After Theory

Yes, I found Terry Eagleton's After Theory some time ago from the Waste Books in some remote shopping mall. In the book Eagleton traces the roots of cultural theory, and identifies three reasons why “cultural theory must start thinking ambitiously once again”: Capitalism has entered its most totalizing phase by becoming ruthless and global, “The gang of predatory, semi-literate philistines” and “semi-fanatical fundamentalists” who rule the United States are in danger of ending history as we know it, and, The West is under pressure to justify its way of life in the face of the Islamic fundamentalist challenge. And it is ironic, according to Eagleton, that “at just the point that we [as postmodern cultural theorists] have begun to think small, history has begun to act big.”

In reviewing Eagleton's book in Philosophy Now (http://www.philosophynow.org/issue55/55aoudjit.htm), Abdelkader Aoudjit writes as follows:

"After he has treated the fallacies of postmodernism, Eagleton proceeds to put forward his own version of cultural theory in the second part of the book. Drawing on both Aristotle and Marx, he argues that, like everything else in nature, man has a distinctive end to achieve or function to fulfill, which is to be good and happy. Eagleton also takes from Aristotle and Marx the idea that humans are political by nature, not only in the sense that one needs others to survive, but also in the sense that nothing one does has any meaning outside the human community. To fully realize one’s capacity as a human being therefore, Eagleton contends, one needs a ‘good society’, because “nobody can thrive when they are starving, miserable or oppressed.” It follows that only socialism ensures that everybody can develop their full potential, because socialism makes “human solidarity an end in itself,” and also because class division and exploitation undermine people’s abilities to live happy and fulfilling lives. “In class society,” he writes, “even those powers and capacities which belong to us as a species – labour, for example, or communication – are degraded into means to an end. They become instrumentalized for the advantage of others.” Eagleton finds support for his ethics in both Christianity and Islam.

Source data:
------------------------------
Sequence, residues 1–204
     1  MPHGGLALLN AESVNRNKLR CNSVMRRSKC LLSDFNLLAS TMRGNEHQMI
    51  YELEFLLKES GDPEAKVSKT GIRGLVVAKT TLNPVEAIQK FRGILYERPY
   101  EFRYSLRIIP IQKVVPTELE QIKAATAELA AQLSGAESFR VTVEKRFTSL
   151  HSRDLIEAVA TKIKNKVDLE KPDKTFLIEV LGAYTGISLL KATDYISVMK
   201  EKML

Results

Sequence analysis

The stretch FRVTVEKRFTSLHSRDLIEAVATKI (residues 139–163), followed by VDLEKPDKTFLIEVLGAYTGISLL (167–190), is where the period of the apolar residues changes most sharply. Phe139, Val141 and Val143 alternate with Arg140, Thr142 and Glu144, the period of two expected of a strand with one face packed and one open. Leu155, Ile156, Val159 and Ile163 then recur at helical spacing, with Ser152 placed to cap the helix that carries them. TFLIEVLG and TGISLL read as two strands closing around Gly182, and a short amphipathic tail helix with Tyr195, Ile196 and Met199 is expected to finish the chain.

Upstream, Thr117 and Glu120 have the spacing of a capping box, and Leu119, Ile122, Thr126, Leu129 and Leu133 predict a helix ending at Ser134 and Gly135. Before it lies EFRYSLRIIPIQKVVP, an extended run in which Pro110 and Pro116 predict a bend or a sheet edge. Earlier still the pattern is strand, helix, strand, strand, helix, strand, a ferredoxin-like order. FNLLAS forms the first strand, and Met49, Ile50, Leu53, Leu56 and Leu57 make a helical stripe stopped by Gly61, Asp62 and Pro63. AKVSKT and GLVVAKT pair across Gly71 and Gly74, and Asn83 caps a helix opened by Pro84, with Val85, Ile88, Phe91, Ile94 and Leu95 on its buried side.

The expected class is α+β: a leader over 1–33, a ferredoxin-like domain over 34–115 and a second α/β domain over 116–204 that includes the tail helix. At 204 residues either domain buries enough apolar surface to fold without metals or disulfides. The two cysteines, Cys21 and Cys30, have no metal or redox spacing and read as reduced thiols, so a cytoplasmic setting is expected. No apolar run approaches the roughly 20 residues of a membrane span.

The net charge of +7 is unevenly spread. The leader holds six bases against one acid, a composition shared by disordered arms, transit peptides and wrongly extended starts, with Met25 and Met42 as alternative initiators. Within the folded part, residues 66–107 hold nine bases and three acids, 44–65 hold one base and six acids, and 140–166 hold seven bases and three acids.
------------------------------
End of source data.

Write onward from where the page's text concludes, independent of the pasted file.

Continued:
Eagleton does a good job of introducing his readers to the current state of cultural theory, and in particular of laying out the historical and political elements which have shaped and continue to shape its development. Furthermore, his case for socialism is well argued and thoughtful. However, I think the most important insight of the book is the idea that morality emerges from corporeal weaknesses, needs and interests, so that if we had a different body, our experience of the world and morality would also be different."


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